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Biophys J. 1994 May;66(5):1554-62.

Temperature dependence of the inhibitory effects of orthovanadate on shortening velocity in fast skeletal muscle.

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Department of Pure and Applied Mathematics, Washington State University, Pullman 99164.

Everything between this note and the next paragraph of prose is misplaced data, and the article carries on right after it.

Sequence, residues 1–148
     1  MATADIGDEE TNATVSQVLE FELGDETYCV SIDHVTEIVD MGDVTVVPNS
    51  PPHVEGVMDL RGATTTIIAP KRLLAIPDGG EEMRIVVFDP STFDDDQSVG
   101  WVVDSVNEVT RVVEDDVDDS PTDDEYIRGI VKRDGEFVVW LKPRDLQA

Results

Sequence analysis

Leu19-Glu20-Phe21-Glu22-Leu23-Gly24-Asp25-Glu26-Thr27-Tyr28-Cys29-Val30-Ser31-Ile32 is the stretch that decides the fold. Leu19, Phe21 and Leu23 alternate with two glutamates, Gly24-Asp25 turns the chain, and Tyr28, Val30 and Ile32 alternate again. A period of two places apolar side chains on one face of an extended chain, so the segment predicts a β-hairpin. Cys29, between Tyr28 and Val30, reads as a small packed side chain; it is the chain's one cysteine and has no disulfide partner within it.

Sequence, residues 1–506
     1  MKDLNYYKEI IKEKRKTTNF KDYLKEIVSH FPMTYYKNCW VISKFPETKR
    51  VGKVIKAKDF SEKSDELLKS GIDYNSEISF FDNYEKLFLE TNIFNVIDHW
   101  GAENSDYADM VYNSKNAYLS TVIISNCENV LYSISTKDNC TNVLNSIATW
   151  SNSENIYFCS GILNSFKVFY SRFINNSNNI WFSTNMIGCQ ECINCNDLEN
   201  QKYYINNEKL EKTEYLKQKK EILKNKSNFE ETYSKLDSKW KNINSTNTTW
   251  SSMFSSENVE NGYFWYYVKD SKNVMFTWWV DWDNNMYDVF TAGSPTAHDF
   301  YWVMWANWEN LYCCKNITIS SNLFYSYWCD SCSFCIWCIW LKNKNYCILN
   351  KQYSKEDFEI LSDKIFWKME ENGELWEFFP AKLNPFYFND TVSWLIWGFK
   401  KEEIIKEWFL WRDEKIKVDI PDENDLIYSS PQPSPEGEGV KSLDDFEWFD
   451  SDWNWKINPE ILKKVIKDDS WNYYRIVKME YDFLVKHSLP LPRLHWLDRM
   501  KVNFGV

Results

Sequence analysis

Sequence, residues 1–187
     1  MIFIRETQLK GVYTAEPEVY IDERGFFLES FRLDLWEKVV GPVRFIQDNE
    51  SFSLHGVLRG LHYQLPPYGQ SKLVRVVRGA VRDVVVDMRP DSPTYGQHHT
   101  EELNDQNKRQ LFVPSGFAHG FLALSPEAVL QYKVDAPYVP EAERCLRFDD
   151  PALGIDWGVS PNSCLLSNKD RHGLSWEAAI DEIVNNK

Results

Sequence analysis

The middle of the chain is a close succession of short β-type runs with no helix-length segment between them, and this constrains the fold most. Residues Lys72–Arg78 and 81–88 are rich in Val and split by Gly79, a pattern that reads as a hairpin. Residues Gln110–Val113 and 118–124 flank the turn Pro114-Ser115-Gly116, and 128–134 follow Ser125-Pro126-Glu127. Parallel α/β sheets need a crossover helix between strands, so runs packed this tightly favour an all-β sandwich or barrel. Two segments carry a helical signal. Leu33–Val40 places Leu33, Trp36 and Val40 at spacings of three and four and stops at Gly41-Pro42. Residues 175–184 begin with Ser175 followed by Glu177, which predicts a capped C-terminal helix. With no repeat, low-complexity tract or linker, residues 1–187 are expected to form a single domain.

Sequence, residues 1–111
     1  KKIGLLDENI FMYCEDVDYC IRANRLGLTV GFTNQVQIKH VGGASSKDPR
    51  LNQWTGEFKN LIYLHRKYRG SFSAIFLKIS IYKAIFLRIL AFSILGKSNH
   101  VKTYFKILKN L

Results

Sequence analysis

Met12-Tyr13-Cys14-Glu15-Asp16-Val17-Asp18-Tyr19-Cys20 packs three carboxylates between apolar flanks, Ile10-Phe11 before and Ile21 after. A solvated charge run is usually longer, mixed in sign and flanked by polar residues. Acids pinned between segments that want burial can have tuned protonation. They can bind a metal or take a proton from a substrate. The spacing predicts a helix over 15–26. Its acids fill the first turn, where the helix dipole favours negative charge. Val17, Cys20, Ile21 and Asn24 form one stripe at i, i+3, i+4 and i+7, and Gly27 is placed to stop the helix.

We have investigated the effects of the orthophosphate (P(i)) analog orthovanadate (Vi) on maximum shortening velocity (Vmax) in activated, chemically skinned, vertebrate skeletal muscle fibers. Using new "temperature-jump" protocols, reproducible data can be obtained from activated fibers at high temperatures, and we have examined the effect of increased [Vi] on Vmax for temperatures in the range 5-30 degrees C. We find that for temperatures < or = 20 degrees C, increasing [Vi] inhibits Vmax; for temperatures > or = 25 degrees C, increasing [Vi] does not inhibit Vmax. Attached cross-bridges bound to Vi are thought to be an analog of the weakly bound actin-myosin.ADP-P(i) state. The data suggest that the weakly bound Vi state can inhibit velocity at low temperature, but not at high temperature, with the transition occurring over a narrow temperature range of < 5 degrees C. This suggests a highly cooperative interaction. The data also define a Q10 for Vmax of 2.1 for chemically skinned rabbit psoas fibers over the temperature range of 5-30 degrees C.

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